Morningstar Investment Management’s Estimating ‘The End’ of Retirement explores various factors relating to how to estimate “the end” of retirement in a financial plan using data from the Health and Retirement Study (HRS) and the Survey of Consumer Finances (SCF). While there is an expansive amount of literature examining objective mortality factors, the study notes that there is no consensus approach to estimating the length of retirement. Moreover, it’s not clear to what extent subjective estimates are reliable and how and if objective factors are correctly considered, the paper emphasizes.”
OG is emphatic in his assessment of the data: “Most people look at life expectancy through the eyes of the generation before them.” This can lead to false assumptions because life expectancy has grown significantly since just two generations prior. Basing your financial plan on a shorter than actual life expectancy can have devastating consequences. OG believes that peoples’ financial plans should plan on living until 100, at the least, and soon 110.
“The penalty for being wrong on the other side (outliving your money) is enormous. You don’t want to be 96 and be like, ‘well, I planned on dying at 95.’”
On the other hand, if you are worried about outliving your money, you could forego spending and quality of life early on in order to stretch out your assets. OG advocates for developing a lifetime portfolio that’s income sustaining. It’s a delicate balance between Karpe Diem and delaying living; but when in doubt, it is always prudent to err on the side of caution (save more, spend less), especially as you’re within five years of retirement.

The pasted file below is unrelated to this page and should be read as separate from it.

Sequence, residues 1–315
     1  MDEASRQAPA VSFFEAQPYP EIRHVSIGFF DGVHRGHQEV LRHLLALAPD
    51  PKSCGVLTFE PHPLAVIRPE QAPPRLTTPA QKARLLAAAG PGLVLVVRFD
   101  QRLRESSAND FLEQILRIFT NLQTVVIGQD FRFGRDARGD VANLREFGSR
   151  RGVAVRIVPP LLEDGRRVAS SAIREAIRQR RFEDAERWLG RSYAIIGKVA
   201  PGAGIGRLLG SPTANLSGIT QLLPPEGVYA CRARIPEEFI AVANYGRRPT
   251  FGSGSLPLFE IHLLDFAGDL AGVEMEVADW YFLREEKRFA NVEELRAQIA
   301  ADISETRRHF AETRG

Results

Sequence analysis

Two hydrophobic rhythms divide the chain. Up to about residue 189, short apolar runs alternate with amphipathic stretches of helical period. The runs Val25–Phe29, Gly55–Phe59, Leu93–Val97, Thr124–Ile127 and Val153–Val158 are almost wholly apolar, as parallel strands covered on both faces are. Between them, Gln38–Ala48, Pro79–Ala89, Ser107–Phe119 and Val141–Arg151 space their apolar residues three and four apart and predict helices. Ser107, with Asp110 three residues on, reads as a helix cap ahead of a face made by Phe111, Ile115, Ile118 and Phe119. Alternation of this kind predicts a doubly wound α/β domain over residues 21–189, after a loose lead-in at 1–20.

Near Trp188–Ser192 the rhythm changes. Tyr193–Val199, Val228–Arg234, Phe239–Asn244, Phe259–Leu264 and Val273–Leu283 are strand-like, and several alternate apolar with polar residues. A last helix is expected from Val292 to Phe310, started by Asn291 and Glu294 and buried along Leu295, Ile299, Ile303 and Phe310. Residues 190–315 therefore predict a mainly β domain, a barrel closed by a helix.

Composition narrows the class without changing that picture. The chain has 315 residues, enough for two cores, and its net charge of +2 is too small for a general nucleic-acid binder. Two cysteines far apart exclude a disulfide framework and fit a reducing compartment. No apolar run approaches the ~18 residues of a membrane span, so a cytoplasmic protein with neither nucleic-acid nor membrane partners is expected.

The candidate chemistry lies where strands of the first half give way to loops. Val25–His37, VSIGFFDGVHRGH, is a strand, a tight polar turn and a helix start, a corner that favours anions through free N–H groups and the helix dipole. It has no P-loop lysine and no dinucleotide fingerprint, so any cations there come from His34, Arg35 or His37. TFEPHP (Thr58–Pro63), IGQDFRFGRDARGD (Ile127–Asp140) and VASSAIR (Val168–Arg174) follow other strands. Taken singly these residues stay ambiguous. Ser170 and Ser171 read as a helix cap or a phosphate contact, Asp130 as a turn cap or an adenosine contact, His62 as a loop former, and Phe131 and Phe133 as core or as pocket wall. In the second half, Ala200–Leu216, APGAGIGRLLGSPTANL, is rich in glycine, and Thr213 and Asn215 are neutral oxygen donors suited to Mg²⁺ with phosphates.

1. Create a plan so you can spend lavishly on what you love and cut out what is not important to you. Be intentional about your spending today so you can put money away. Bet on living a long time.
2. The brokerage platform you use matters – you want it to be there when you need it.
Today we are fortunate to have Mary Pilon come down to the basement to chat with Joe. Mary is a journalist, screenwriter, and author. Perhaps best known for her sports writing, Mary has an uncanny ability to meld sports into everyday life. Pilon came down to the basement previously to discuss Monopoly’s Secret Past. We welcome her back to discuss the virtue of losing and how to take lessons away.